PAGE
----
Tag Archives: Cricket Green Conservation Area

Architects confirm negative impact of Mitcham scheme on Conservation Area

Plans to demolish and replace a large stretch of Mitcham’s shops on Upper Green East alongside Barclays Bank with a four storey block are being considered by Merton Council.

The scheme will set the precedent for future development around Fair Green and we believe it is both too high and lacks design quality.

It also fails to provide a single affordable home in any of the 20 flats.

The architects have made some minor changes in response to feedback from Mitcham Society and ourselves.

The changes fail to address the fundamental problem that the new building is too large, too high and too poorly designed for Mitcham’s centre.

There is even a suggestion that adding lavender mosaic tiles somehow represents an adequate response to the historic character of the area.

The new information also includes a new image that confirms the impact on the Conservation Area from near Three Kings Pond.

The architects believe the scheme will be “just visible”.

We believe the image confirms the creation of an intrusive bland elevation which doesn’t fit with the existing pitched roofline. Have a look and see what you think.

 

Read our original representation and our updated one

Our five year enforcement report

The quality of life in Cricket Green owes much to planning controls.

These ensure development meets minimum standards, trees and open spaces are protected, noisy and intrusive activity prevented and listed buildings aren’t neglected.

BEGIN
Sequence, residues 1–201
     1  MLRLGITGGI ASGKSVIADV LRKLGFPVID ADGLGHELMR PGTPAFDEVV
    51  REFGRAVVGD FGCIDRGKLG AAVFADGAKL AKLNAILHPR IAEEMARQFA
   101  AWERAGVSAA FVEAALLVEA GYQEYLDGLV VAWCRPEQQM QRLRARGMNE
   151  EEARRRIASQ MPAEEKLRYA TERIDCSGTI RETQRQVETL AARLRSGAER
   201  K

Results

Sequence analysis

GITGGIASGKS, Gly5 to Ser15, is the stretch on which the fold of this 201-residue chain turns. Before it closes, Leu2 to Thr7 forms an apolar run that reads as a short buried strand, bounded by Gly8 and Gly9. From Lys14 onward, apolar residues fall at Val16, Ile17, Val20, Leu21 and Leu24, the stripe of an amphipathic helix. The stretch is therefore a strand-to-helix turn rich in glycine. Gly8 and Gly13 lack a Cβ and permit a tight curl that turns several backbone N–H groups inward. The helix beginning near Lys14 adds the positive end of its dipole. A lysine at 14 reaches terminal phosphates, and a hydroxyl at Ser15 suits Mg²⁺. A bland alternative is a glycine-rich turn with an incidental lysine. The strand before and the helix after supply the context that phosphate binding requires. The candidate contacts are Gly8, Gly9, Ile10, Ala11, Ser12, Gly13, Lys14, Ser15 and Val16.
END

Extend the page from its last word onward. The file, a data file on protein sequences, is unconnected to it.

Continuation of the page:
The effectiveness of planning controls is only as good as the quality of their enforcement. This has long been a Cinderella of Merton Council and the official record shows that the number of outstanding enforcement actions on the books across the Borough is reaching 1,000. This doesn’t include the multitude of breaches that go unreported.

We are seriously concerned by the impact of weak enforcement on Cricket Green and are publishing our five year report. This tracks the success, or otherwise, of our formal requests to Merton Council for action since 2014 on issues such as:

  • loss of trees due to failure to comply with planning permission for multi-use games area at The Canons
  • the unauthorised use of Burn Bullock car park for car sales
  • paving of front gardens without planning permission
  • removal of the characteristic yellow tiles at the former Bull pub
  • the proliferation of estate agent boards at Brook House and the Cricketers flats without permission
  • the failure to implement requirements of listed building repair notice at Burn Bullock
  • hoardings erected without permission around the fire station and straying onto others land
  • unauthorised tree clearance, new entrance and other works at Blue Houses site

The record speaks for itself.

Only two of the fourteen issues raised have been resolved and even with these we were not notified of the action being taken.

Our representations have been frequently ignored even after writing five or six times and some responses have taken literally years to secure.

On this evidence it is clear Merton’s enforcement team is stretched too thinly and needs to be both better resourced and supported in taking a more assertive approach.

Read our Five Year Enforcement Report

We plan to maintain it and hope that future reports will paint a more positive picture.

Community on the Green 2019 thank you for coming to our 50th birthday party!

Thank you to everyone who came along and made our 50th birthday party such fun!

The Deputy Mayor of Merton cut our birthday cake and made a lovely speech.

We enjoyed a cask of Wandle Ale donated by Sambrook’s Brewery –  Thank you to them!

We had a special walk celebrating some of the 50 things people have helped us identify that make the Conservation Area special to us. We’re tweeting these throughout the year – @MitchamCrktGrn #CricketGreenat50

There was cricket on the green courtesy of Mitcham Cricket Club’s ladies team.

We remembered with pride that we are Englands Fourth Favourite Conservation Area.

And best of all – lots of local people came to enjoy the sunshine, the cake, the ale, and the company.

sdr

Protecting Mitcham’s Town Greens